Together with progresses in allogeneic SCT procedures, recent data showing in lower-risk MDS a survival advantage with ESAs, a dramatic erythroid response in patients with del 5q to LEN, and in higher-risk MDS a survival advantage with AZA treatment all challenge current concepts on MDS treatments. These agents allow the clinician to refine first-line therapy of MDS based on the well studied disease parameters (WHO, karyotype, IPSS). The individual treatment decision must also take in consideration the less well studied host characteristics such as age, performance status, comorbidities, and patient preferences.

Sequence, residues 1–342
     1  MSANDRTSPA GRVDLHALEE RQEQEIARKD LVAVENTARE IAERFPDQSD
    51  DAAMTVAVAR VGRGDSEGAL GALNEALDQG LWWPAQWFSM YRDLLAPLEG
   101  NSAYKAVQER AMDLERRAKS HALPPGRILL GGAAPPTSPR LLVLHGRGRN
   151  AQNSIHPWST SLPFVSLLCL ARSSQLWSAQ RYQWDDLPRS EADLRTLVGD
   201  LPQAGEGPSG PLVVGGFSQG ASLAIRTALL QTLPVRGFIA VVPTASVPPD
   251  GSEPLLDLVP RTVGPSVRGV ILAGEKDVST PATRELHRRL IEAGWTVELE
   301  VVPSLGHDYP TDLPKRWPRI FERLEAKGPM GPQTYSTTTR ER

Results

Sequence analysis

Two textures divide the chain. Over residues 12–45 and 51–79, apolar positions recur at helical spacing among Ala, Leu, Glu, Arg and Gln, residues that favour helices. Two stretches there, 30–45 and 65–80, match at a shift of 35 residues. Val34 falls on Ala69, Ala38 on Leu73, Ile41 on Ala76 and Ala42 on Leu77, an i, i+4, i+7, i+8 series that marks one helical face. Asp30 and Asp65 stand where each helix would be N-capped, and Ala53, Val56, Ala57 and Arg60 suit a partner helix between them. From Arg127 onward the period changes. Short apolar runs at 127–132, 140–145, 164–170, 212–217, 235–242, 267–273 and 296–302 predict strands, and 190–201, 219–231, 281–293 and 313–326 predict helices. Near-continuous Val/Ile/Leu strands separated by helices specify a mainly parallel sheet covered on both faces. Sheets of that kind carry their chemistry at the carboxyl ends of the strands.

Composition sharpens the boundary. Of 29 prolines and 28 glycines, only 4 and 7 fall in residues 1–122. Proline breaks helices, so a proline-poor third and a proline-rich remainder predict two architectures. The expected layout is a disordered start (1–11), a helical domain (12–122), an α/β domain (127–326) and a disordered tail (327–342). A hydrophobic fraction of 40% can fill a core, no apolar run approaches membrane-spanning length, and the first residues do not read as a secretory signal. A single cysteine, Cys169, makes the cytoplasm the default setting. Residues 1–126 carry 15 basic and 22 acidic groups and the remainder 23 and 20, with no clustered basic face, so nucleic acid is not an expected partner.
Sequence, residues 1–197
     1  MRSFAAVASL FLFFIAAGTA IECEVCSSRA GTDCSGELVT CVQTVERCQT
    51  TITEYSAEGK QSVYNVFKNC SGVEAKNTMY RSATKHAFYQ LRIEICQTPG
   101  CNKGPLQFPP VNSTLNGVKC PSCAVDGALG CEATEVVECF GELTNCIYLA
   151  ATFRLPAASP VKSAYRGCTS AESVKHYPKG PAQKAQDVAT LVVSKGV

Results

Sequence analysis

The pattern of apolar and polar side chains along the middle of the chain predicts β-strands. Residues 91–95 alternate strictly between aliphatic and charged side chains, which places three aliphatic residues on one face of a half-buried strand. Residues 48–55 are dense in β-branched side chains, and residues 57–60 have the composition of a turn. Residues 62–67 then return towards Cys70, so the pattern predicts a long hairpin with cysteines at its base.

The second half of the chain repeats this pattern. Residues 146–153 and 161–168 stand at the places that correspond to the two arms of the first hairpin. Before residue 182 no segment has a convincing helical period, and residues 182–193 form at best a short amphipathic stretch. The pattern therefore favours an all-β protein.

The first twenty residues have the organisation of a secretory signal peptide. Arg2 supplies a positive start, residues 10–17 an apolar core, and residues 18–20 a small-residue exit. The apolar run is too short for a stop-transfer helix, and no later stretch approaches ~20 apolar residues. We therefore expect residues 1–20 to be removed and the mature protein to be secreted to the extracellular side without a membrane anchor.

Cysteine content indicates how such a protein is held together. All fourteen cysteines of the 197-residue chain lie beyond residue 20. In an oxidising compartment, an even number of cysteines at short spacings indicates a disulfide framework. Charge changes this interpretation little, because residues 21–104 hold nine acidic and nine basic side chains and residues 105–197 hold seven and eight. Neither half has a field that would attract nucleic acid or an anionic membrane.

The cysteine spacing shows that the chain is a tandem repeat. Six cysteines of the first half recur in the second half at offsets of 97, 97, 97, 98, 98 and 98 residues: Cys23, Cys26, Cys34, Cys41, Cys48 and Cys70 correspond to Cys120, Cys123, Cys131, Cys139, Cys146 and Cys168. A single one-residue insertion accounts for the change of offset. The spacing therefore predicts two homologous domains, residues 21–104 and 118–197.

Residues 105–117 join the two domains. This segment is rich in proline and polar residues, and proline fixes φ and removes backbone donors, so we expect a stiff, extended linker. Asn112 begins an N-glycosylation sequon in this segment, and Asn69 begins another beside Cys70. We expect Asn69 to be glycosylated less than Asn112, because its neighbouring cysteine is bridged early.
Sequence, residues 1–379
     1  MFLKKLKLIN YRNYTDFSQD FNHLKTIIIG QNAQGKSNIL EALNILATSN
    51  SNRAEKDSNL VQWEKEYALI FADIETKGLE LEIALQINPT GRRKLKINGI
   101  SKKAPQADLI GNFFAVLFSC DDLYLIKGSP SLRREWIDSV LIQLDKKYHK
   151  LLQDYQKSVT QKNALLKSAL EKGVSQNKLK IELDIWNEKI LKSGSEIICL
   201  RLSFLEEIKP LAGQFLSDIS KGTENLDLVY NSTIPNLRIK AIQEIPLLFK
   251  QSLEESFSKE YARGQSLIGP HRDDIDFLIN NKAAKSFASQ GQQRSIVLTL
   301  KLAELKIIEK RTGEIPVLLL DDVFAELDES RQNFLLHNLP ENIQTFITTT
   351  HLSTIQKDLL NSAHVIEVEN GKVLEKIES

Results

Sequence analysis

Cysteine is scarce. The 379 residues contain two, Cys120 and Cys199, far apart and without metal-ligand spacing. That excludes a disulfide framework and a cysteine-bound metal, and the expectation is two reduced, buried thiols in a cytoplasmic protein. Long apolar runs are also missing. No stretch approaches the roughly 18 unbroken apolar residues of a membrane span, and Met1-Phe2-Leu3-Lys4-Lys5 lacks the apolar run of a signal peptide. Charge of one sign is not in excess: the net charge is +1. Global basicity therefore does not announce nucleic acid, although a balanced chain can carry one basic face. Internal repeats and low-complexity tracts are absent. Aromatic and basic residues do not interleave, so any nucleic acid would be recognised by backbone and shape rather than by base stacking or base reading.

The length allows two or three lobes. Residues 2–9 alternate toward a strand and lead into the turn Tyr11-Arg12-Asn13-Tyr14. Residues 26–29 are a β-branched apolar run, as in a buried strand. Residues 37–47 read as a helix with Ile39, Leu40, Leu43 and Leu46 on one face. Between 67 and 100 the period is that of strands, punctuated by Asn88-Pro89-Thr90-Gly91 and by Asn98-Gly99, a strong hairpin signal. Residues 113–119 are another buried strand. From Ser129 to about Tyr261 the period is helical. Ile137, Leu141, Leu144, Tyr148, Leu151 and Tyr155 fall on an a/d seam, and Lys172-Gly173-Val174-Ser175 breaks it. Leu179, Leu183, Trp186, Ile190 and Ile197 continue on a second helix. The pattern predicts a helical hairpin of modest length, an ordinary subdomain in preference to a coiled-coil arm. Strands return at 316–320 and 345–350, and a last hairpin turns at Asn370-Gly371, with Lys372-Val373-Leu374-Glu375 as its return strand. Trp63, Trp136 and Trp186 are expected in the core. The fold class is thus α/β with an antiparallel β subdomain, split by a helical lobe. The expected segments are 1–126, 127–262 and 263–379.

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References and recommended reading

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Papers of particular interest, published within the annual period of review, have been highlighted as:

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• of special interest

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•• of outstanding interest

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Additional references related to this topic can also be found in the Current World Literature section in this issue (p. 149).

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Keywords:

allogeneic stem cell transplantation; azacytidine; erythropoietin; lenalidomide; myelodysplastic syndromes

© 2009 Lippincott Williams & Wilkins, Inc.